The Science Journal of the American Association for Respiratory Care

Ventilator Mode Glossary of Terms

Adaptive control
a ventilator targeting scheme in which one variable is automatically adjusted to achieve a predetermined value of another variable. A common example is adaptive pressure control (e.g., Pressure Regulated Volume Control) in which the inspiratory pressure is automatically adjusted by the ventilator to achieve a tidal volume target. Another type of adaptive control is to automatically adjust the inspiratory flow to maintain a constant I:E ratio.
Assisted breath
a breath for which all or part of the inspiratory or expiratory flow is generated by the ventilator doing work on the patient. Inspiration is assisted if airway pressure rises above the end expiratory value during the inspiratory phase. Expiration is assisted if airway pressure falls below the end expiratory value during the expiratory phase. A mandatory breath is by definition assisted. A spontaneous breath may be assisted or unassisted.
Autotrigger
an unintended initiation of breath delivery by the ventilator, e.g., by an external disturbance such as movement of the breathing tube or an inappropriate trigger sensitivity setting. (Sometimes mistakenly called autocycling.)
Breath
a positive change in airway flow (inspiration) paired with a negative change in airway flow (expiration), associated with ventilation of the lungs. This definition excludes flow changes caused by hiccups or cardiogenic oscillations. However, it allows the superimposition of, for example, a spontaneous breath on a mandatory breath or vice versa.
Breath sequence
a particular pattern of mandatory and/or spontaneous breaths (i.e., CMV, IMV, or CSV).
CMV (continuous mandatory ventilation)
a breath sequence in which all ventilator delivered breaths are mandatory (see mandatory breath), and delivered at a set minimum frequency, but in which any inspiratory effort by the patient during the expiratory phase may trigger the next breath, depending on the trigger sensitivity setting. Such patient triggering will increase the ventilation frequency above the set value.
Control variable
For simple control systems, where pressure, volume, or flow is preset, the control variable is the independent variable in the equation of motion for the respiratory system. In more complicated schemes, the control variable is identified according to the feedback loop that is predominant within a breath (not between breaths). For example with Proportional Assist Ventilation, pressure, volume, and flow all vary during the breath and none of them are preset. However, the targeting scheme is designed to control pressure (i.e., rather than volume) such that it satisfies the equation of motion for preset values of respiratory system elastance and resistance that are to be supported for any instantaneous values of inspiratory flow and volume generated by the patient’s inspiratory effort.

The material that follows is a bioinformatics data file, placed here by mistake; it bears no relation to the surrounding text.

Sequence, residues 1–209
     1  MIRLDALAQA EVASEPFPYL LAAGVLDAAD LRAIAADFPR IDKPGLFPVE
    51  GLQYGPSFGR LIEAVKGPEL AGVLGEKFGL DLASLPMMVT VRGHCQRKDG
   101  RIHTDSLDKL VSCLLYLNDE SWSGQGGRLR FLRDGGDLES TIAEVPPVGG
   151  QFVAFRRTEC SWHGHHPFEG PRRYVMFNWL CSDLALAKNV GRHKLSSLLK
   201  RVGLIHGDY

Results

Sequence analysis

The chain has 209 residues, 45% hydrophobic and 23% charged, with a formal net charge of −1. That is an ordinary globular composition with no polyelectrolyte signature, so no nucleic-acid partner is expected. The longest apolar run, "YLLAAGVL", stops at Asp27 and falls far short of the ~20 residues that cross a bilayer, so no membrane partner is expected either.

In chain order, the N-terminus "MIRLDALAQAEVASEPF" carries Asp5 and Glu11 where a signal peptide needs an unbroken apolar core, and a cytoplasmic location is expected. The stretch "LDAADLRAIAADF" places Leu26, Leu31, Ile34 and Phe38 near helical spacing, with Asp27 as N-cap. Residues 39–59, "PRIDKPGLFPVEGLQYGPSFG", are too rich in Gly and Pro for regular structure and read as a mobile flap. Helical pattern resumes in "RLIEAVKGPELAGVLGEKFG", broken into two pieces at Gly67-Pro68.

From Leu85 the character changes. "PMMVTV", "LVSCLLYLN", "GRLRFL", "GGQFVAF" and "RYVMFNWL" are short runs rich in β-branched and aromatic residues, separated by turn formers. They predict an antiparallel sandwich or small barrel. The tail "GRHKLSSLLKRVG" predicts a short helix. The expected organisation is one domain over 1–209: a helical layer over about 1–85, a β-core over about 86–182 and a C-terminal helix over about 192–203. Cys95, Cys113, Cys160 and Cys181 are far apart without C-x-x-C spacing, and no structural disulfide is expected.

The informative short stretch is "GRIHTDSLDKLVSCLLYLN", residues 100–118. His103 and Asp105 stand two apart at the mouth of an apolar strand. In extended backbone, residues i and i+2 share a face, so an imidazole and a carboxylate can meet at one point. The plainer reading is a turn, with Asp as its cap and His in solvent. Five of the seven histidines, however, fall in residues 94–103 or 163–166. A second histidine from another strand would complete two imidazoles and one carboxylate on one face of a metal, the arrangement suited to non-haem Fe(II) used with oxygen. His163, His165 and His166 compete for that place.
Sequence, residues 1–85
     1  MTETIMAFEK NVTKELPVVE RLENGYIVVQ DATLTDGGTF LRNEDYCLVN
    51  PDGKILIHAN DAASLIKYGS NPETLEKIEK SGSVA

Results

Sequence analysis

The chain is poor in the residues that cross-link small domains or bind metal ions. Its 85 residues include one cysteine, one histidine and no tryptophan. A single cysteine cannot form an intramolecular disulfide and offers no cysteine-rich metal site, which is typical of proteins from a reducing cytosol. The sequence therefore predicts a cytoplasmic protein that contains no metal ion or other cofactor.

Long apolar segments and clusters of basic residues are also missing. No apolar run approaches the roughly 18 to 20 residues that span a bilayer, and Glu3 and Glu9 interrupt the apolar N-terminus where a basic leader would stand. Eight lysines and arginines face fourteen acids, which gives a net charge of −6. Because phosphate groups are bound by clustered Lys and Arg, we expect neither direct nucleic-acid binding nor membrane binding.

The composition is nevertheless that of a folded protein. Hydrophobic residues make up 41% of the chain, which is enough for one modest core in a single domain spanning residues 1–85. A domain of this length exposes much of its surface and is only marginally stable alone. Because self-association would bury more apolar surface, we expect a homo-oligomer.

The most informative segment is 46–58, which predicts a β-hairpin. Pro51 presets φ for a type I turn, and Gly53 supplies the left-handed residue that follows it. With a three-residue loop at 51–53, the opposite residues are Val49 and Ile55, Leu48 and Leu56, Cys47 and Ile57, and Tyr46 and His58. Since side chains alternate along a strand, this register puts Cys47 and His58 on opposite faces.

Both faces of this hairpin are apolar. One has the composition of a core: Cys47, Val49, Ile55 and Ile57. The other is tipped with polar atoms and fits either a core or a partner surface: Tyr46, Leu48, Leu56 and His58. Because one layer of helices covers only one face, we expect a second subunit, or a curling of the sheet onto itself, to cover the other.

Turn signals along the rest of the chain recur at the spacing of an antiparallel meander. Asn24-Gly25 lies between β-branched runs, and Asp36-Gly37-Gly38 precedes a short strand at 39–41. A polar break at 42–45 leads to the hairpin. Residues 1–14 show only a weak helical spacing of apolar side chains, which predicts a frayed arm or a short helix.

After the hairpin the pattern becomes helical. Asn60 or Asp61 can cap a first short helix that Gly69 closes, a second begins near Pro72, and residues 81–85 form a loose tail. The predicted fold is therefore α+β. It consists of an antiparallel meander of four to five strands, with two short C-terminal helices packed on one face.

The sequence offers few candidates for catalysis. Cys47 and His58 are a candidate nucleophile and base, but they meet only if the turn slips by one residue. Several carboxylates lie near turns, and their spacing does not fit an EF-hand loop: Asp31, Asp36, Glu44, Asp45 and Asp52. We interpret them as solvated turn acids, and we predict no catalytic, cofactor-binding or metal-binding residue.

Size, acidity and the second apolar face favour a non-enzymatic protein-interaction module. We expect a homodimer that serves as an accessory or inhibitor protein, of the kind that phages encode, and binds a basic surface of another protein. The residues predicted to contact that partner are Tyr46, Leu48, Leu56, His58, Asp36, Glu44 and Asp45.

CSV (continuous spontaneous ventilation)
a breath sequence in which all breaths are spontaneous (assisted or unassisted).
Cycle
verb; to end the inspiratory time (and begin expiratory flow); noun, a breath (inspiration and expiration).
Cycle variable
the variable (usually pressure, volume, flow, or time) that is used to end the inspiratory phase.
Dual control
a type of targeting scheme for which the operator presets pressure, volume, flow, and timing parameters and the ventilator switches between volume control and pressure control, within a single breath, based on the preset parameters. (e.g., Volume Assured Pressure Support)
End expiratory pressure
the pressure at the end of the expiratory phase, measured relative to atmospheric pressure. The location of the pressure must be specified but is usually the airway opening.
Equation of motion for the respiratory system
a mathematical relation among pressure, volume, and flow, as functions of time, which describes the mechanics of the respiratory system. The simplest and most common form is a differential equation with constant coefficients describing the respiratory system as a single elastic compartment (including the lungs and chest wall) connected to a single flow resistive element.
Expiratory flow time
the period from the start of expiratory flow to the moment when expiratory flow ends.
Expiratory pause
the interval from the end of expiratory flow to the start of inspiratory flow.
Expiratory pause time
the duration of an expiratory pause.
Expiratory phase
the period from the start of expiratory flow to the start of inspiratory flow.
Expiratory time
the duration of the expiratory phase.
IMV (intermittent mandatory ventilation)
a breath sequence in which spontaneous breaths are permitted between mandatory breaths. Spontaneous breaths may (e.g. SIMV) or may not (e.g.,Biphasic-APRV) be synchronized with mandatory breaths.
Inspiratory flow time
the period from the start of inspiratory flow to the moment when inspiratory flow ends.
Inspiratory pause
interval from the end of inspiratory flow to the start of expiratory flow
Inspiratory pause time
duration of an inspiratory pause.
Inspiratory phase